2498RE: [beemonitoring] Alternative Methodology Question
- Nov 8, 2012
Although I’m not a bee biologist – I’m on this list because I have used bee bowls to collect parasitic wasps – I hope that what I say will be helpful.
The sad irony of being a Biologist of any kind - of studying, and loving, living things - is that most life science disciplines require the killing of one’s subjects at some point, sometimes often, and when working on communities of organisms, almost continuously. This is especially true for arthropods, and will remain true until the day that the non-invasive Star-Trek-style “tri-corder” is invented. The best we can hope for at this point is to keep the killing to a minimum, and possibly to foreswear work on populations facing extinction.
A few months ago I gave a short presentation to a group of volunteers on my parasitoid work that included an image of a whirl-pak crammed full of all of the native bees collected in 72 hours from a standard Sam Droege array of nine traps, explaining this profusion as an unfortunate “by-catch” – terrible word, almost as bad as “collateral damage!” - of my work on parasitoids. They were appalled and so was I (in my defence, the bees will all be identified and used for a publication on the native bees of the area).
What one really needs to know in a case like this, and for one’s peace of mind, is how large a dent we are making in local bee populations. I suspect that in floristically diverse habitats the impact is extremely small. Perhaps someone on the List can refer us to some representative density bee data?
P.S. As a DNA bar-coder, I firmly believe that the day of the tri-corder is not far off. We just need to be able to read base-pair sequences without hurting the organism. If we can identify the molecules in stars 10 billion light-years away, surely we’ll crack this problem as well; let us hope in Jessica’s lifetime.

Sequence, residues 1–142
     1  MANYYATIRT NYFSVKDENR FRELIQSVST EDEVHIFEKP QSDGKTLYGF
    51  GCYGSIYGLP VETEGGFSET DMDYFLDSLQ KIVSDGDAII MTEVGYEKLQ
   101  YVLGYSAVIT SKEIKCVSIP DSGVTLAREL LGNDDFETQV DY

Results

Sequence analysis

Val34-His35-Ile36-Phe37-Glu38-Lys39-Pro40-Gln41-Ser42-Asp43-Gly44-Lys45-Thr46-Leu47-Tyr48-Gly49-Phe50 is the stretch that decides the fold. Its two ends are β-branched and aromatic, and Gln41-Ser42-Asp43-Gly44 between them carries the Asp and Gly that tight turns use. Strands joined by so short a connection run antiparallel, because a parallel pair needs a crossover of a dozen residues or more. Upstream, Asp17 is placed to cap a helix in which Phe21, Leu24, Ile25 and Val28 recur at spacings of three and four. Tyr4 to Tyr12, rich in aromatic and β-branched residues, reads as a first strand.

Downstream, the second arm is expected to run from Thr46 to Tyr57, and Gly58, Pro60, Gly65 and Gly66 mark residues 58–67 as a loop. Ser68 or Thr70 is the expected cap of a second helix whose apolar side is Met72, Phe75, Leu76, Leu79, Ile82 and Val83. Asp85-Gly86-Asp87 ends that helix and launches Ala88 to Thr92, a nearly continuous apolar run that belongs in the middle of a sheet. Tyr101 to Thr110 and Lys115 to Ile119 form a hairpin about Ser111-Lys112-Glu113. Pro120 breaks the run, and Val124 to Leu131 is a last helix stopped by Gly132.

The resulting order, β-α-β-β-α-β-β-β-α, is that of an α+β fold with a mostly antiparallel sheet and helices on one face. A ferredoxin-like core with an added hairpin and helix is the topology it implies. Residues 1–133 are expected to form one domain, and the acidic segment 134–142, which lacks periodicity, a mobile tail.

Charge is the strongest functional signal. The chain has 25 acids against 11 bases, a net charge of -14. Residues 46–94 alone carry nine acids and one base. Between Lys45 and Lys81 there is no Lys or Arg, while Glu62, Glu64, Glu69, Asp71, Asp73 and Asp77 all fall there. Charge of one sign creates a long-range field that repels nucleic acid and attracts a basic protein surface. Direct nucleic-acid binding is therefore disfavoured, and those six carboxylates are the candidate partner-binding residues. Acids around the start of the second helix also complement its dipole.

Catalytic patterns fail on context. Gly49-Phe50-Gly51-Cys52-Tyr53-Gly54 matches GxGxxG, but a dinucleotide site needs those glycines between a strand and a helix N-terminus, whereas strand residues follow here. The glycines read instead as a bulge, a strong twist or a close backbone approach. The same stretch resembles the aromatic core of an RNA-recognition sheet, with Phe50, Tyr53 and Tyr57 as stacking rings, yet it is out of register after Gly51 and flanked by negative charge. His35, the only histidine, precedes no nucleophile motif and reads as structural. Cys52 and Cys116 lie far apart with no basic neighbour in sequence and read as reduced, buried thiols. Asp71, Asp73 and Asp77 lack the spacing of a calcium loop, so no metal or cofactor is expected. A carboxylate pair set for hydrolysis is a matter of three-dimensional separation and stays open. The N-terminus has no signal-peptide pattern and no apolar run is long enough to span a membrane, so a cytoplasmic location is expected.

I am a PhD student who is developing a project to assess bee pollinator diversity in urban gardens in my area (Denton, Texas). I understand that the best methods for assessing bee diversity involve collection of bees via hand netting and bowl traps, especially for a novice at bee identification like myself. However, I am wondering if there are any accepted no-kill methods for assessing bee diversity. The reason is that, although I have had multiple local urban gardeners and homeowners express interest in my project, some are hesitant to participate because they realize that bees are important resources and they do not want to help reduce the already limited populations. To an extent I can see this point and am thrilled that citizens are aware of the situation that our pollinators are facing. I thought I would address this group to see if anyone has used/knows of methodology for assessing bee diversity without killing bees. Furthermore, has anyone dealt with similar experiences?
Thanks in advance!
University of North Texas, Institute of Applied Science
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